FAQ

My antivirus tells me LegacyUpdate.exe is infected! What are you trying to do to my PC?

Legacy Update is in an awkward position because it’s not a very commonly downloaded file. That causes AVs to be more vigilant, and use more generic detections. The idea is to err on the side of caution, because the AV vendor doesn’t have enough information crowdsourced from its users to decide whether it’s safe or not.

Some reasons Legacy Update might wrongly flag as malware could be:

If your antivirus reports malware, please consider finding and filling out their false-positive report form. For instance, do a Google search for “Microsoft Defender false positive report”. Their engineers will investigate, and should be able to confirm that Legacy Update is safe to use.

You can refer to VirusTotal results for more detailed info on how AVs detect Legacy Update. If you have the time to set up a build environment, you can always build from source.

Am I using up all your bandwidth when I use this?

Not at all, please feel free to install as many updates as you like. The updates themselves come directly from Microsoft servers. The website of course is hosted on my server, but employs Cloudflare edge caching, so you’re in fact rarely sending traffic to my actual server.

When you check for updates, the Windows Update protocol traffic is proxied through my server, so that it can be downgraded from modern encryption to something old Windows can understand. All the server currently does is pass through exactly what your machine, or the Microsoft server, sends, with no processing beyond that. This traffic isn’t small, but it’s also not really big enough for me to be concerned about either. It’s well below the monthly bandwidth limit I’m allocated by my host.

You can, of course, still send a tip my way to support the server fees - I won’t say no to some extra support and motivation!

Why is it slow?

Windows Update is a complex protocol, and applying updates is an elaborate juggling act to ensure only the correct updates are applied, and in the right order.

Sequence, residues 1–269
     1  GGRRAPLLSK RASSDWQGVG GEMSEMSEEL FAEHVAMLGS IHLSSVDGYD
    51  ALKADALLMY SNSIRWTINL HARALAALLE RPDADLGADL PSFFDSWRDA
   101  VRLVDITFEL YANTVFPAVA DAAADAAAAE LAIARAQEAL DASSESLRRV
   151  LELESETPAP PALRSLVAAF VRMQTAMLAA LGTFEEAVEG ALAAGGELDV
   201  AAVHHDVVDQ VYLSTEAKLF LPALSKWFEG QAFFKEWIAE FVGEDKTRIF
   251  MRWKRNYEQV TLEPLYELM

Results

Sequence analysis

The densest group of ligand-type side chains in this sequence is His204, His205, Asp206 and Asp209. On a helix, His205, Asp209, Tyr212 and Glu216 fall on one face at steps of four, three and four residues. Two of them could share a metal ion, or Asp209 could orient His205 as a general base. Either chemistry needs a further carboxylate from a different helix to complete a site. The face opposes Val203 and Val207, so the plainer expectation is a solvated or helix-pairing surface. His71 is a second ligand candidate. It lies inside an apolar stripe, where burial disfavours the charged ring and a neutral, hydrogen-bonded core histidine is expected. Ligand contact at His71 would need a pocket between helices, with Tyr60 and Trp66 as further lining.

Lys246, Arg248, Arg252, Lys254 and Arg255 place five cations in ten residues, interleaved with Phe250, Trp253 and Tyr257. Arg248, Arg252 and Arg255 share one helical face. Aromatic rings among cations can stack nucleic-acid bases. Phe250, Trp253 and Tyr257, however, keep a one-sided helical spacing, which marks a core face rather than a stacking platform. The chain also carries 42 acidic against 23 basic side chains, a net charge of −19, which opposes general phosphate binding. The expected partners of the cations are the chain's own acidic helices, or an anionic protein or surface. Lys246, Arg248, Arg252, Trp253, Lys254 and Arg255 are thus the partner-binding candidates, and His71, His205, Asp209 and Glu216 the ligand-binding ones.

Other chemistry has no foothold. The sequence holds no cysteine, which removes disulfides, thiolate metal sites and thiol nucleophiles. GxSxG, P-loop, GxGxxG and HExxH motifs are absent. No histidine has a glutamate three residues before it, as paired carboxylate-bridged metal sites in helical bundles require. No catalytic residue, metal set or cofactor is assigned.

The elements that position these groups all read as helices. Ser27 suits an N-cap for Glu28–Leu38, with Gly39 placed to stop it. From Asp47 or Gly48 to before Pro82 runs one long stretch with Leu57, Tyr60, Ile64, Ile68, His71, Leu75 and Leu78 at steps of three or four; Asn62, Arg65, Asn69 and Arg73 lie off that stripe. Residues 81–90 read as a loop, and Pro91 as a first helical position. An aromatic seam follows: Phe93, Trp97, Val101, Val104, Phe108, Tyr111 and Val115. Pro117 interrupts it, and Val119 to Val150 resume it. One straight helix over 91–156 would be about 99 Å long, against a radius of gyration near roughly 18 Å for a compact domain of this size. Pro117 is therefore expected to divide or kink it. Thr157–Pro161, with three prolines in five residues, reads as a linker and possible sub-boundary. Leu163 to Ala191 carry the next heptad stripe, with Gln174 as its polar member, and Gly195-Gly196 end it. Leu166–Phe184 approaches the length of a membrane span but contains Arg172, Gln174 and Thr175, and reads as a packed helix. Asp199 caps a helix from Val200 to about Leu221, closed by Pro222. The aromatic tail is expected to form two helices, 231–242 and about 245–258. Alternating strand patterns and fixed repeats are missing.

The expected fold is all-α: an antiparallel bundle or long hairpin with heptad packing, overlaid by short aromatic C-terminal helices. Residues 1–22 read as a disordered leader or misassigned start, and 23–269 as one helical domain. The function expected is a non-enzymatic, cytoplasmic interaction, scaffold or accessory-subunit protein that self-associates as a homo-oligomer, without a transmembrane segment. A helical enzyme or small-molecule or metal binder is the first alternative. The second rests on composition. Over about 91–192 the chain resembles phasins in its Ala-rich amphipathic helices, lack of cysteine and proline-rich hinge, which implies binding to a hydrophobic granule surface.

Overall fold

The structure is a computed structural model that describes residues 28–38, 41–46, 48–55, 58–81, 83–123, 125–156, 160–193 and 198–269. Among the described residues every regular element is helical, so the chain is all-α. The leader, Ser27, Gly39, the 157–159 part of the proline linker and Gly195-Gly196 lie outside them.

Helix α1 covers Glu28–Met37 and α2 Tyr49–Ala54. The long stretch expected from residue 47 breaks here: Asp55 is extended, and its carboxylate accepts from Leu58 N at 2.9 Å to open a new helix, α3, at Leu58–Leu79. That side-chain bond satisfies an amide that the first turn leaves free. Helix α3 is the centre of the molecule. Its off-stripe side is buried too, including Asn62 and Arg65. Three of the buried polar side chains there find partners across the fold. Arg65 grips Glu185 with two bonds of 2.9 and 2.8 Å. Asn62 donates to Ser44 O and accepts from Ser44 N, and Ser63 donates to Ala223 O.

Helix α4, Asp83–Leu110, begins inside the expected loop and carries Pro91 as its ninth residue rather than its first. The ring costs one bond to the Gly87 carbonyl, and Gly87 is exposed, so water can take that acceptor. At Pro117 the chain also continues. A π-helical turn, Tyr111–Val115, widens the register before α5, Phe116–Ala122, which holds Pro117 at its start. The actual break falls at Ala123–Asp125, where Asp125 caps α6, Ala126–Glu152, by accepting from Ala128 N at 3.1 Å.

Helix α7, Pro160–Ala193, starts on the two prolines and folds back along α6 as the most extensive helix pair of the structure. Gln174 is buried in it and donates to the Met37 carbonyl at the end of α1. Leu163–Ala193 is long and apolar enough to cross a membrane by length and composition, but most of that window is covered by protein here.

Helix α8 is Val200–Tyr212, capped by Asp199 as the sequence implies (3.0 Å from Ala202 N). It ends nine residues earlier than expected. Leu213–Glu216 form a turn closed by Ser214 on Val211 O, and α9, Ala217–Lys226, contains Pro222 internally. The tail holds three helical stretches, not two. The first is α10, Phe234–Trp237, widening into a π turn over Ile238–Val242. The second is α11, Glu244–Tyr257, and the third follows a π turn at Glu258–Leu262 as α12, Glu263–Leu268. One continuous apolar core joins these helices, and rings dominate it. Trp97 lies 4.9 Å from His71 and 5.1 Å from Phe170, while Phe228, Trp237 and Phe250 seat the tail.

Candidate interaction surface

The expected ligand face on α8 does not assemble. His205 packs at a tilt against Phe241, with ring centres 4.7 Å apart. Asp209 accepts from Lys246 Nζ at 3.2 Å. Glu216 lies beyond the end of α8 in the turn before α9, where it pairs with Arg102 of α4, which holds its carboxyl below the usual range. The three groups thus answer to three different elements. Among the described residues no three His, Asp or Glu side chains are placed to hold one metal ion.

When you check for updates, Windows and the Windows Update server compare notes on what’s installed on your system, and therefore which updates are applicable to you. Because there are thousands upon thousands of updates, this is a very long, slow process, heavily tied to your CPU’s single-core performance, and hard drive/SSD read performance. If you watch Task Manager while you check for updates, you might see svchost.exe, wmiprvse.exe, and TrustedInstaller.exe (on Vista and later) using up an entire CPU core. This is the Windows Update Agent evaluating the configuration of your computer so it can let the Windows Update server know which updates it needs to see. Old PCs can take minutes to complete this stage, while a VM running on your modern laptop should fly through this in a few seconds.

While installing updates, you may feel a slowdown on lower-end PCs due to the volume of hard drive write activity. If you have a small amount of RAM in such a system, and a fairly slow hard drive, this can really hurt the system’s ability to use the hard drive as swap/pagefile space. This will clear up once the updates finish installing.

I installed a bunch of updates and now my PC doesn’t boot (e.g. I get “NTLDR is missing”). What now?

It seems that the latest version of the Windows Update Agent installer, when run on Windows XP Home Edition, triggers a limitation of the Windows 2000/XP bootloader (NTLDR). This is covered by KB320397, a patch for XP SP1 that was later built into XP SP2, but the issue still seems to occur despite the fix.

You can resolve this in one of a few ways:

What about Windows 95, 98, Me, and NT 4?

To explain this, here is a quick history of Windows Update:

Legacy Update works because we’re lucky enough that the Windows Update v6 protocol is pretty much the same today as it was when the v6 protocol was first released around 2005. It seems unlikely that Microsoft will completely discontinue Windows Update for 2000/XP, though as I discussed in the introduction paragraph, Microsoft has taken a very destructive approach to discontinuing services for old versions of Windows, right down to deleting legacy downloads and knowledge base articles from their servers, so that’s still an issue to be concerned about.

Given Windows Update is a protocol, and not a website Wayback Machine can easily scrape and archive, I’m concerned that this means the legacy Windows Update servers and the updates/drivers they provide are lost to time. Some, but not all, of Windows Update v3 has been preserved by the Wayback Machine, so I’m looking into what I can do there.

So the answer, pretty much, is that I’d love to support as far back as Windows Update itself has existed, but it may be quite a bit more significant undertaking than Legacy Update has been so far due to Microsoft’s intent to move on from its past. I’m still positive it can be done though!

What do you store when I use this?

Refer to the privacy policy. Please don’t hesitate to reach out to me if you have any concerns with it.